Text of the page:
The kernel tree for the ARM architecture is large and fairly complicated.
Because of the large number of ARM system-on-chip (SoC) variants, as well
as different versions of the ARM CPU itself, there is something of a
combinatorial explosion occurring in the architecture tree. That, in turn,
led to something of an explosion from Linus
as he is getting tired of "pointless churn" in the tree.
A pull request from Daniel Walker for some
updates to arch/arm/mach-msm was the proximate cause of
Torvalds's unhappiness, but it goes deeper than that. He responded to
Walker's request, by pointing out a problem he sees with ARM:
There's something wrong with ARM development. The amount of pure noise in
the patches is incredibly annoying. Right now, ARM is already (despite me
not reacting to some of the flood) 55% of all arch/ changes since 2.6.34,
and it's all pointless churn in
and at a certain point in the merge window I simply could not find it in
me to care about it any more.
He goes on to note that the majority of the diffs are
"mind-deadening" because they aren't sensibly readable by
humans. He further analyzes the problem by
comparing the sizes of the x86 and ARM trees, with the latter being some
800K lines of "code"—roughly
three times the size of x86. Of that, 200K
lines are default config (i.e. defconfig) files for 170+ different SoCs.
To Torvalds, those
files are "pure garbage".
In fact, he is "actually considering just getting rid of all the 'defconfig'
files entirely". Each of those files represents the configuration
choices someone made when building a kernel for a specific ARM SoC, but
keeping them around is just a waste, he said:
And I suspect that it really is best to just remove the existing defconfig
files. People can see them in the history to pick up what the heck they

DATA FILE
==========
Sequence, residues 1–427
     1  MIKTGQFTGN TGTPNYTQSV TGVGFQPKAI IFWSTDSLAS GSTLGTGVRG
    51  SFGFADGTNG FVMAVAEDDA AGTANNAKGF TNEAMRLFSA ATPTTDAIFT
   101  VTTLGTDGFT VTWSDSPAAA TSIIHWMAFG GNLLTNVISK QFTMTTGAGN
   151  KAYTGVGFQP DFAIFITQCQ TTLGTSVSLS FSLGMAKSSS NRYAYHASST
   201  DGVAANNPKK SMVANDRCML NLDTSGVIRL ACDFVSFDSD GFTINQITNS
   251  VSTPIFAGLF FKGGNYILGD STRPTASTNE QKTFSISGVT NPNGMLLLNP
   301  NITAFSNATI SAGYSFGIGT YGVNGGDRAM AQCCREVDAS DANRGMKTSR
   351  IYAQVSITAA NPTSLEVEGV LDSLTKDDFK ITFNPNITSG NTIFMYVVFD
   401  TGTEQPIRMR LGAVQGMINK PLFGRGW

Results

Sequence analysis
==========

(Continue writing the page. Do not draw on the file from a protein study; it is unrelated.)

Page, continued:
did, but no way will any sane model ever look even _remotely_ like them,
so they really aren't a useful basis for going forward.
Another problem that Torvalds identified is the proliferation of
platform-specific drivers, which could very likely be combined into shared
drivers in the drivers/ tree or coalesced in other ways.
Basically, "we need somebody who cares, and
doesn't just mindlessly aggregate all the crud". Ben Dooks agreed that there is a problem, but that "many of the big company players have
yet to really see the necessity" of combining drivers. He also
noted that at least some of the defconfig files were being used in
automated build testing, but did agree that there are older defconfigs that
should be culled.
Dooks also had a longer description of
the problems that ARM maintainers have in trying to
support so many different SoCs, while also trying to reduce the size and
complexity of the sub-architecture trees. Essentially, the maintainers are
swamped and "until it
hits these big companies in the pocket it [is] very difficult to get them
to actually pay" for cleaning up the ARM tree and keeping it clean
in the future.
Because Torvalds said that he was planning to remove the ARM (and other)
files, ARM maintainer Russell King posted a
warning to the linux-arm-kernel mailing list:
Linus doesn't appear to be listening to reason, so I see now this as
a fait accompli. It'll [apparently] happen at the next merge window.
So, don't send anything which contains a defconfig file or updates to
it. It's pointless.
That set off a separate discussion on that mailing list—King's and
others' attempts to redirect it back to linux-kernel
notwithstanding—about ways to reduce the amount of mostly redundant
information carried around in the defconfig files. Ryan Mallon is in favor
of proactively eliminating some defconfigs,
while others discussed various ways to only keep the deltas between the
config files for various SoCs.
Based on Torvalds's comments on linux-kernel, some kind of delta scheme is
unlikely to fly. His main complaint is that the defconfig files are neither